Categories: Article|

Rethinking Informalizattion Poverty Precarious Jobs And Social Protection

Rethinking Informalizattion Poverty Precarious Jobs And Social Protection Processes of labor market informalization are most frequently examined in the context of poor countries and marginalized workers. Yet, one of the consistent themes in the study of informal work is that informalization is fundamentally shaped by processes of economic restructuring in [...]

Categories: Article|

Regions And Firms In eWork Relocation Dynamics Pittsburghs Calle Centre Industry

Regions And Firms In Ework Relocation Dynamics Pittsburghs Calle Centre Industry This paper attempts to contribute to our theoretical understanding of the relationship between regions and the location dynamics of telemedia employment through and analysis of the regional dynamics shaping up the call center industry in Pittsburgh which has grown [...]

Categories: Article|

In the News

Interviews and mentions of my research in local and national media.

Facebook’s Expansion Plans Could Displace Thousands in Menlo Park

The DEIR denies any housing-related impacts from the project, even though it admits that the 6,550 new Facebook employees would exceed Menlo Park’s job growth projections by 296% and increase the city’s workforce by more than 20%. It also [...]

By | August 4th, 2016|Categories: In the News|Tags: , |0 Comments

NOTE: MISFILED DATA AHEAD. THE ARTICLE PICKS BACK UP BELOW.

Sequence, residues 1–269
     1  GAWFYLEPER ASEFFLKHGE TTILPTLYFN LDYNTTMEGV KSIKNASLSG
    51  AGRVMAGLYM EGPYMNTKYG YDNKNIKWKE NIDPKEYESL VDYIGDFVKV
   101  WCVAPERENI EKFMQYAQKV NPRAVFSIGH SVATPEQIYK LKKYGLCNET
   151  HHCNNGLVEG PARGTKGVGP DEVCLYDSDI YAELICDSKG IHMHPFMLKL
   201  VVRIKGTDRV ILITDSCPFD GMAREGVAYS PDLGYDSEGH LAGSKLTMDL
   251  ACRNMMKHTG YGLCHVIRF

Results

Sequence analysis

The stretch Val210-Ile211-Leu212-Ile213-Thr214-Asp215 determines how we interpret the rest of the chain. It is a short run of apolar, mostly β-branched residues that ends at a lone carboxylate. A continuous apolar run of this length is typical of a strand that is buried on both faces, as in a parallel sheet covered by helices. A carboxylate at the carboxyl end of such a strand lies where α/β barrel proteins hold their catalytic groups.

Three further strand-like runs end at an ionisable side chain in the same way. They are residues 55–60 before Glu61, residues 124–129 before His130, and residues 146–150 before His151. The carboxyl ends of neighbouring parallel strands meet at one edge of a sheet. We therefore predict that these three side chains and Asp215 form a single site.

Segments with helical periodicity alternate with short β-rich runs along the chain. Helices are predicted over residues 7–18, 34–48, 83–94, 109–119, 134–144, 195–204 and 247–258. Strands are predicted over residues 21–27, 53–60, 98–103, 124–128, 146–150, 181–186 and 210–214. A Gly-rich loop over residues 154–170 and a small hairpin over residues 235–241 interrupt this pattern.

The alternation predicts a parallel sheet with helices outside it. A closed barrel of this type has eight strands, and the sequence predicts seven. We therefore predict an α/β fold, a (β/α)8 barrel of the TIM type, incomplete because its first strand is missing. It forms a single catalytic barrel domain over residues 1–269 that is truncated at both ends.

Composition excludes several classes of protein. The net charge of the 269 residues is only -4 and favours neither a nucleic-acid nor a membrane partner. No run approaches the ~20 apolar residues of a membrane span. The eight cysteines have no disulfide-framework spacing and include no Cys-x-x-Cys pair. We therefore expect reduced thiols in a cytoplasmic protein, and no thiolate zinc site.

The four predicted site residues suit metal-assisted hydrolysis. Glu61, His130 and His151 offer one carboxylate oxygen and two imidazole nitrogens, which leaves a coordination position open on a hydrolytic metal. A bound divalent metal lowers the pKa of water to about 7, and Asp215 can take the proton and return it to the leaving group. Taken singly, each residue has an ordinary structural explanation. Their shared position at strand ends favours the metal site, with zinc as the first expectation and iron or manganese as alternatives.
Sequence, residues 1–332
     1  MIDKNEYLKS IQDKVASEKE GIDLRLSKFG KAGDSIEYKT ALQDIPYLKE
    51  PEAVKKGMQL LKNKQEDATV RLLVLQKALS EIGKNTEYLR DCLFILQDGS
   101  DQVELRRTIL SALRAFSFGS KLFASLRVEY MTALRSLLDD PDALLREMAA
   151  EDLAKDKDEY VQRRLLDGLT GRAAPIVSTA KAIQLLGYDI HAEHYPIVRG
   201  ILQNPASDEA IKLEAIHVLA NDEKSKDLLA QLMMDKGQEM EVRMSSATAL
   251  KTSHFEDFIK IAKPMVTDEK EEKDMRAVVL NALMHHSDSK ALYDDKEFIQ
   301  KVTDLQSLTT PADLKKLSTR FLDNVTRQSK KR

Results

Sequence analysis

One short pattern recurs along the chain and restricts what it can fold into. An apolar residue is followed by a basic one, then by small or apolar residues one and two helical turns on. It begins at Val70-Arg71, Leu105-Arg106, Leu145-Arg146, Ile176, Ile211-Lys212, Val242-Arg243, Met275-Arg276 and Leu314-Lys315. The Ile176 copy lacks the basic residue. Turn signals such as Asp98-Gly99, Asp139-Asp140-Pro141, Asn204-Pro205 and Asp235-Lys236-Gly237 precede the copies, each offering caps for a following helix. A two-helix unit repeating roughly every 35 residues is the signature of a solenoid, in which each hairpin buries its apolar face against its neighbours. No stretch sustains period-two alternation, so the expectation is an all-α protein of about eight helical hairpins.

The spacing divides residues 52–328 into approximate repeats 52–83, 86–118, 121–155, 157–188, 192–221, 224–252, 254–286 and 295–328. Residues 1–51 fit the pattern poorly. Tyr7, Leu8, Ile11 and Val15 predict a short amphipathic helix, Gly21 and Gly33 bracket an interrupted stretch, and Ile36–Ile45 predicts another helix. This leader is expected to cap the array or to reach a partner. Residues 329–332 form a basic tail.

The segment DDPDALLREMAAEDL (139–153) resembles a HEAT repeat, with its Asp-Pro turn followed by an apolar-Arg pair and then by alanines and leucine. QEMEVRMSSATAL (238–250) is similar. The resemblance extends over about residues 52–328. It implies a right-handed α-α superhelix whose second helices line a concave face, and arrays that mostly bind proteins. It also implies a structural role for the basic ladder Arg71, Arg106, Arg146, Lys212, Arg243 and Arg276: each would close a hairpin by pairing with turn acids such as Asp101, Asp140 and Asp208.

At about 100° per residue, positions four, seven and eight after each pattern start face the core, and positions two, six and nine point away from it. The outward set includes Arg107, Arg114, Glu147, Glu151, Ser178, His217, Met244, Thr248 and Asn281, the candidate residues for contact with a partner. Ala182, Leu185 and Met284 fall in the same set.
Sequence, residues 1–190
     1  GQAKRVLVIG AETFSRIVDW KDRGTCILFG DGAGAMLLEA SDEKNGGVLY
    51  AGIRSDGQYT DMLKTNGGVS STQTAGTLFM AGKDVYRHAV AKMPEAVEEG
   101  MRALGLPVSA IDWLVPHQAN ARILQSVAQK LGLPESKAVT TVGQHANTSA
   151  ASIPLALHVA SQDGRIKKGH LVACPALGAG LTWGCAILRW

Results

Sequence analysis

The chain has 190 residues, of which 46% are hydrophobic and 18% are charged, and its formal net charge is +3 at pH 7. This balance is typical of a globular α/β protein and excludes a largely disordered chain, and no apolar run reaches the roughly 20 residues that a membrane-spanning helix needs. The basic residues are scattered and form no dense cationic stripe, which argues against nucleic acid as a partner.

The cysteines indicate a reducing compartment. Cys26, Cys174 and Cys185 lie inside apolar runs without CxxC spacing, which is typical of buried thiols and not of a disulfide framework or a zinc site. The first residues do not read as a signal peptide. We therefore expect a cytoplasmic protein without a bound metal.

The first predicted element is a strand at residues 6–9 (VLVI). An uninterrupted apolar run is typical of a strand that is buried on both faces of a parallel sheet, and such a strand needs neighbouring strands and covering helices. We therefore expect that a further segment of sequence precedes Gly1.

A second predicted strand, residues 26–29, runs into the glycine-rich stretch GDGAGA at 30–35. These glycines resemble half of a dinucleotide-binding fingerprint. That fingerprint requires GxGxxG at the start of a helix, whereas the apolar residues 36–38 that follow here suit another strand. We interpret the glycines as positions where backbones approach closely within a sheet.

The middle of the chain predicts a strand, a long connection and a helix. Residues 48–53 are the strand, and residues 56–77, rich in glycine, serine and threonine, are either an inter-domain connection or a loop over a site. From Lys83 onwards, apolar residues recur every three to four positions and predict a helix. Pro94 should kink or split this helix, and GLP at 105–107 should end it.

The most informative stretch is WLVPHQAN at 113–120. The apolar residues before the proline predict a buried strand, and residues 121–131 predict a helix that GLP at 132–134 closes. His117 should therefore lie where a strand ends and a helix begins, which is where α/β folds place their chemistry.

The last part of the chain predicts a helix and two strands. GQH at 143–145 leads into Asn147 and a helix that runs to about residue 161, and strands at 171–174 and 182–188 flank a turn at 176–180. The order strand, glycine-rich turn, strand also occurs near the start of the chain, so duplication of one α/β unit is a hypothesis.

Food Day report: Minimum-wage hike would raise food prices pennies, help millions

A new report released today (Wednesday, Oct. 24), national Food Day 2012, says that a proposal pending in Congress to raise the minimum wage would increase retail food prices for American consumers by at most [...]

By | September 18th, 2015|Categories: In the News|Tags: |0 Comments

Silicon Valley’s minimum wage success story

Minimum wage increases are being enacted in cities across the country, from SeaTac, Washington, to Washington, D.C. Wherever a hike is proposed, free market conservatives offer the same dire warnings: Raising the minimum wage will [...]

By | September 18th, 2015|Categories: In the News|Tags: |0 Comments

Campaign seeks to push Seattle minimum wage to $15

Washington already has the nation's highest state minimum wage at $9.19 an hour. Now, there's a push in Seattle, at least, to make it $15. That would mean fast food workers, retail clerks, baristas and [...]

By | September 18th, 2015|Categories: In the News|Tags: |0 Comments

Forum will discuss raising local minimum wage

Progressive Women of Napa Valley is sponsoring a forum to start a community conversation about the economic impact of a local increase in the minimum wage. The organization reports that while Napa County has over [...]

By | September 18th, 2015|Categories: In the News|0 Comments

Guest commentary: Bay Area is not meeting its affordable housing needs

The Bay Area's affordable housing crisis will be solved only through policies and practices that result in the construction of new affordable units. These units will protect against gentrification and displacement, keep families in their [...]

By | September 18th, 2015|Categories: In the News|0 Comments